Omar is a Somali-American, first elected to public office as a member of the Minnesota House of Representatives in 2016. She was the first naturalized citizen from Africa — and one of the first two Muslim women — ever elected to Congress.
Jewish voters have long been a staple of the Democratic Party, with about 67 percent of American Jews identifying as or leaning toward Democrats compared to 31 percent who identify as or lean toward Republicans, according to data from the Pew Research Center.
Trump also spent time attacking “stupid” existing U.S. trade deals, even going so far as to call out India by name.
“I have to be a little bit politically correct by saying it’s OK if we lose $20 billion with a country because we want to be nice, we want to be nice with everyone,” he said.
The visit by the president, his fourth to Las Vegas and fifth to Nevada since winning the presidency in 2016, comes at a tumultuous time for a Trump White House dealing with a bevy of setbacks in just a few short days.
On Wednesday, the powerful House Ways and Means Committee formally requested Trump’s tax returns, setting off what could be a lengthy legal battle over the president’s finances. The same day, the president denied having said any vote on a replacement for the Affordable Care Act would happen before the 2020 election, though he had tweeted the week before that legislative action was already underway.
On Thursday, Trump backed away from lingering threats to close the U.S.-Mexico border, instead giving Mexico one year to stem the flow of migrants to the U.S. from Central America. And on Friday, a third federal judge ruled the Commerce Department’s added citizenship question on the 2020 census was unconstitutional.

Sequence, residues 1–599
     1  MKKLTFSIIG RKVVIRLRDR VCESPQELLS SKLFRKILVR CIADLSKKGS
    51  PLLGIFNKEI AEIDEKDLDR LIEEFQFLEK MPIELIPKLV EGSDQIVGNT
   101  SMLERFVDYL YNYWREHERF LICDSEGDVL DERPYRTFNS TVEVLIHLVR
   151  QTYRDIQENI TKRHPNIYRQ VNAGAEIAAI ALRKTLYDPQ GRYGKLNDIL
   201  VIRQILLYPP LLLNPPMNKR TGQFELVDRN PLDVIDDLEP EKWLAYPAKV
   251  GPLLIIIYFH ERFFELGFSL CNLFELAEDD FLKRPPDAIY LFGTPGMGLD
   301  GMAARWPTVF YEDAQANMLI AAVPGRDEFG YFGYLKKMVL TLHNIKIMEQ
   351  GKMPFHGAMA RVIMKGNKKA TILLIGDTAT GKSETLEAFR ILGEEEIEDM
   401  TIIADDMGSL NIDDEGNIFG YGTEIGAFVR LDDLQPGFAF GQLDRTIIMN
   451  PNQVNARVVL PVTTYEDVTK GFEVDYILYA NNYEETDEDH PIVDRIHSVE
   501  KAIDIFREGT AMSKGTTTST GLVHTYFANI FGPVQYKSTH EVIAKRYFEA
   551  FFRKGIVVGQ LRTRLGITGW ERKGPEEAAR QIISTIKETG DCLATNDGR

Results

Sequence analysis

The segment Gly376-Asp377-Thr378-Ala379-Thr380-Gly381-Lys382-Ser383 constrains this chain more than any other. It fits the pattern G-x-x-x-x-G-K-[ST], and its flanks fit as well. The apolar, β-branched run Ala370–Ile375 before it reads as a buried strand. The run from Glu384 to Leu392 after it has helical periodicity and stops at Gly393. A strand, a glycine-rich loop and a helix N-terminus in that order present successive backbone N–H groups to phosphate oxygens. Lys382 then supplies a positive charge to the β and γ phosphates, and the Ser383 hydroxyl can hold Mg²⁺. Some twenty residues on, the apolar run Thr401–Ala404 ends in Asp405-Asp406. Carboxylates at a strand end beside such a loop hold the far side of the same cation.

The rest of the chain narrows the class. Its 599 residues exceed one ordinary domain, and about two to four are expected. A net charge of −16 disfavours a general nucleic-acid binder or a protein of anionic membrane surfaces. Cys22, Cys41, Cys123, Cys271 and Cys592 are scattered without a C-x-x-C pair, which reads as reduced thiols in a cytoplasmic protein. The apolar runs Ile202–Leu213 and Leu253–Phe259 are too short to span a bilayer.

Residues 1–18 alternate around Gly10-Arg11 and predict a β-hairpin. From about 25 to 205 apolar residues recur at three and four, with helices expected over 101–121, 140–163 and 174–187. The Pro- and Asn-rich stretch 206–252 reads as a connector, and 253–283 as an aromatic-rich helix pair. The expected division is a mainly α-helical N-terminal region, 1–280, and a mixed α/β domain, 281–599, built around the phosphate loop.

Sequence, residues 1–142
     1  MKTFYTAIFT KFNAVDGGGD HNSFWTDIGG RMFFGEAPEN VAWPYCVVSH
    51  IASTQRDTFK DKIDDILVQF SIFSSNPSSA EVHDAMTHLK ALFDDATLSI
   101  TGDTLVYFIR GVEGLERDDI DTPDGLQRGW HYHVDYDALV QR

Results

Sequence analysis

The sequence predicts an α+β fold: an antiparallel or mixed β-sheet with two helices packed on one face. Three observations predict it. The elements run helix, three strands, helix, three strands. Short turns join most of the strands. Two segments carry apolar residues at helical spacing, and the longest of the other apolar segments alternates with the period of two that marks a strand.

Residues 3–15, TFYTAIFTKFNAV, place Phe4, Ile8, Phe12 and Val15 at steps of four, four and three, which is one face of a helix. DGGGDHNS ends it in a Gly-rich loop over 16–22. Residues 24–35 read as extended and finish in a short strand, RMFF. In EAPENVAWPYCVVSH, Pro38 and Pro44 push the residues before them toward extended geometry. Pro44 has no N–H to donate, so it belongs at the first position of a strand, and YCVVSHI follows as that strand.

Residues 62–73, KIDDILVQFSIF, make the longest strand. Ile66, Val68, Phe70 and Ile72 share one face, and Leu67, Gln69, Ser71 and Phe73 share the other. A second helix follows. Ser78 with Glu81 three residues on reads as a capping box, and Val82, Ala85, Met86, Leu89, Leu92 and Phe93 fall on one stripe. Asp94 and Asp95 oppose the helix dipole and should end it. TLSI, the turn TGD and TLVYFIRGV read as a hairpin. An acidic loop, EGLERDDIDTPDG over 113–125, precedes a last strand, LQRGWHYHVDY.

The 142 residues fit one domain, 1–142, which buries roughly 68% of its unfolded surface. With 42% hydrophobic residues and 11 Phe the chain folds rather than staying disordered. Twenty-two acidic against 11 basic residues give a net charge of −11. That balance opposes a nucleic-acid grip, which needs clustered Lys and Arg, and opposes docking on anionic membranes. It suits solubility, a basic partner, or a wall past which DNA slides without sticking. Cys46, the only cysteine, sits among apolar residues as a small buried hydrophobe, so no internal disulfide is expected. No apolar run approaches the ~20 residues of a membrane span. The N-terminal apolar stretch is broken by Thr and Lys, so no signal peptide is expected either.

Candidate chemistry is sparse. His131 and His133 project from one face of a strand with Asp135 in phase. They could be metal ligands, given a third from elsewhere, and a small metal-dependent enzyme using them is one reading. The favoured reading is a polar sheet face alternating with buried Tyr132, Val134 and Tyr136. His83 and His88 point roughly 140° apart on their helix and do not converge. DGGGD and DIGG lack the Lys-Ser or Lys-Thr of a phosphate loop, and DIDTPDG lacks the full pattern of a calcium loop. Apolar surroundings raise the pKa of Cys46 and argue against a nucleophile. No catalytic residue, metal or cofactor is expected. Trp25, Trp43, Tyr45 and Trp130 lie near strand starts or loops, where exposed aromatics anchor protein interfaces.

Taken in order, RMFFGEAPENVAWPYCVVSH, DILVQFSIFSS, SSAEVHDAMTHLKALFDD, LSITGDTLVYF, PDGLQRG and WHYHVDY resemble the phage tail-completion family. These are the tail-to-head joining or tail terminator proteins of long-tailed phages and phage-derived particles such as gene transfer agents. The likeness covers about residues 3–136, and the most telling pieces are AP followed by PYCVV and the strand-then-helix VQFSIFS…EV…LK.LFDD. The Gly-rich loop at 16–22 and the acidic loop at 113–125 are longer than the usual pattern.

In Las Vegas, Trump minimized those criticisms, especially on the border dispute, instead calling the move a success.
“I have to tell you, Mexico has been great — first time, first time. A lot of these fakers back there say ‘he will never close the border,’” he said, pointing to the assembled media. “I will do anything to stop an invasion of our country. That’s what it is.”
He went on to say that Mexico has moved to intercept and deport thousands of Central American migrants before they could reach the U.S. border — something Mexican officials say hasn’t happened, at least not in any new capacity.
It wasn’t all positivity, though. Trump’s speech was briefly interrupted by a group of protesters, who cut into his introduction with a chant of “Jews are here to stay, occupation is a plague.” Those protesters — apparently criticizing the recent decision by Trump to recognize the disputed Israeli occupation of the Golan Heights — were shortly ushered out of the room as the crowd around them chanted “USA, USA, USA.”
Following his speech, Trump was seen off by casino magnate Steve Wynn, according to pool reporter Vivian Salama of the Wall Street Journal.
For a full log of every presidential election visit, including who visited, where and when, check our 2020 Presidential Candidate Tracker.